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EMC vs EMI Testing, What’s the Difference, and What do I Need to Consider?

Steve Hayes
By Engaged Expert Steve Hayes

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Electromagnetic compatibility (EMC) and electromagnetic interference (EMI) mean different things and are frequently referred to when discussing the regulatory testing and compliance of electronic and electrical products. However, while they might be closely related, it is important to understand that EMC and EMI are not the same things. 

EMI meaning

EMI is the interference caused by an electromagnetic disturbance that affects the performance of a device. Sources of EMI can be environmental, such as electrical storms and solar radiation but more usually will be another electronic device or electrical system. If the interference is in the radio frequency spectrum it is also known as radio frequency interference or RFI.

EMC meaning

EMC is a measure of a device's ability to operate as intended in its shared operating environment while, at the same time, not affecting the ability of other equipment within the same environment to operate as intended.

The importance of early consideration

Electromagnetic compatibility and interference are extremely important design considerations. Failing to consider them in the early stages of product development can result in the time-consuming and costly need to redesign the product at a later stage to meet EMC/EMI specification tests and prevent product failure or safety risk.

However, different requirements in the US and the European Union (EU), as well as differing interpretations of the meanings of EMC and EMI, often cause confusion when it comes to testing. In addition, specific industrial or military standards will apply to the product depending on its target market and therefore also need to be considered.

Evaluating how a device will react when exposed to electromagnetic energy is known as susceptibility or immunity testing and involves determining the ability of a device to tolerate noise from external sources.

Meanwhile, emissions testing measures the amount of EMI generated by the device that could affect other electrical products and can provide an accurate measurement of the amount and type of noise generated by a device. This is called an EMC level.

Determining which test to use

The device’s intended application will determine the exact type of testing required. Key questions to ask are:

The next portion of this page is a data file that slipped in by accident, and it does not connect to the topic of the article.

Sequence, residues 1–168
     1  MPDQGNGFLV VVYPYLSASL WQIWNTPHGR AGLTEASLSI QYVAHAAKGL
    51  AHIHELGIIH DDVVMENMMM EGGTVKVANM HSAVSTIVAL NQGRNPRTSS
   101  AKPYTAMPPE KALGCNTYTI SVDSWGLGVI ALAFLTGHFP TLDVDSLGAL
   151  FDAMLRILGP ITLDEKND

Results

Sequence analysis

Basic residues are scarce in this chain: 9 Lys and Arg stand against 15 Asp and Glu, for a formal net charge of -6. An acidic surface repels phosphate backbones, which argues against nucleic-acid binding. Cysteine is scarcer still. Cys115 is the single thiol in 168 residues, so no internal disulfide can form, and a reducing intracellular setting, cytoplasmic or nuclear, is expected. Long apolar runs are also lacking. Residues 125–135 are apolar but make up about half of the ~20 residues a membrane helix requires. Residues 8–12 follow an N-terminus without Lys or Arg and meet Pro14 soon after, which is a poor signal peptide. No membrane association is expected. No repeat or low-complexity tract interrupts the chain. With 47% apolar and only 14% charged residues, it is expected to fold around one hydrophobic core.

• Where is this product going to be used?
  • With whom is it going to interfere?
  • How will the energy travel from the product to its “victim”?

The two key methods that electromagnetic activity or ‘energy’ can reach a product are through the air (radiation) or via the cabling (conduction). The standards used are therefore based primarily on radiated and conducted tests.

Good product design minimizes risk

If a product has to be redesigned, it can be prohibitively expensive and result in delays to market and a loss in consumer confidence. Bad product design (from an EMC or EMI perspective) would be when earthing, filtering and shielding have not been considered. The result of which would include product failure during tests and in the real world would mean that the product would be unreliable and not work as intended.

Good product design that incorporates the application of basic EMC principles such as effective shielding, earthing, and filtering will simultaneously improve electromagnetic immunity and reduce electromagnetic emissions.

With an excellent staff, ultra-modern facilities, and automated test methodologies, Element offers the most efficient and accurate EMC and EMI testing available anywhere.

Our Advisory Services make sure that the shielding, filtering, and earthing is properly considered early in the design process, supporting manufacturers through the complex nature of qualification testing.

Element provides access to testing laboratories on an hourly basis, as well as complete testing, reporting, and certification services.

For advice and support on EMC and EMI compliance or Element’s advisory service, please contact us.

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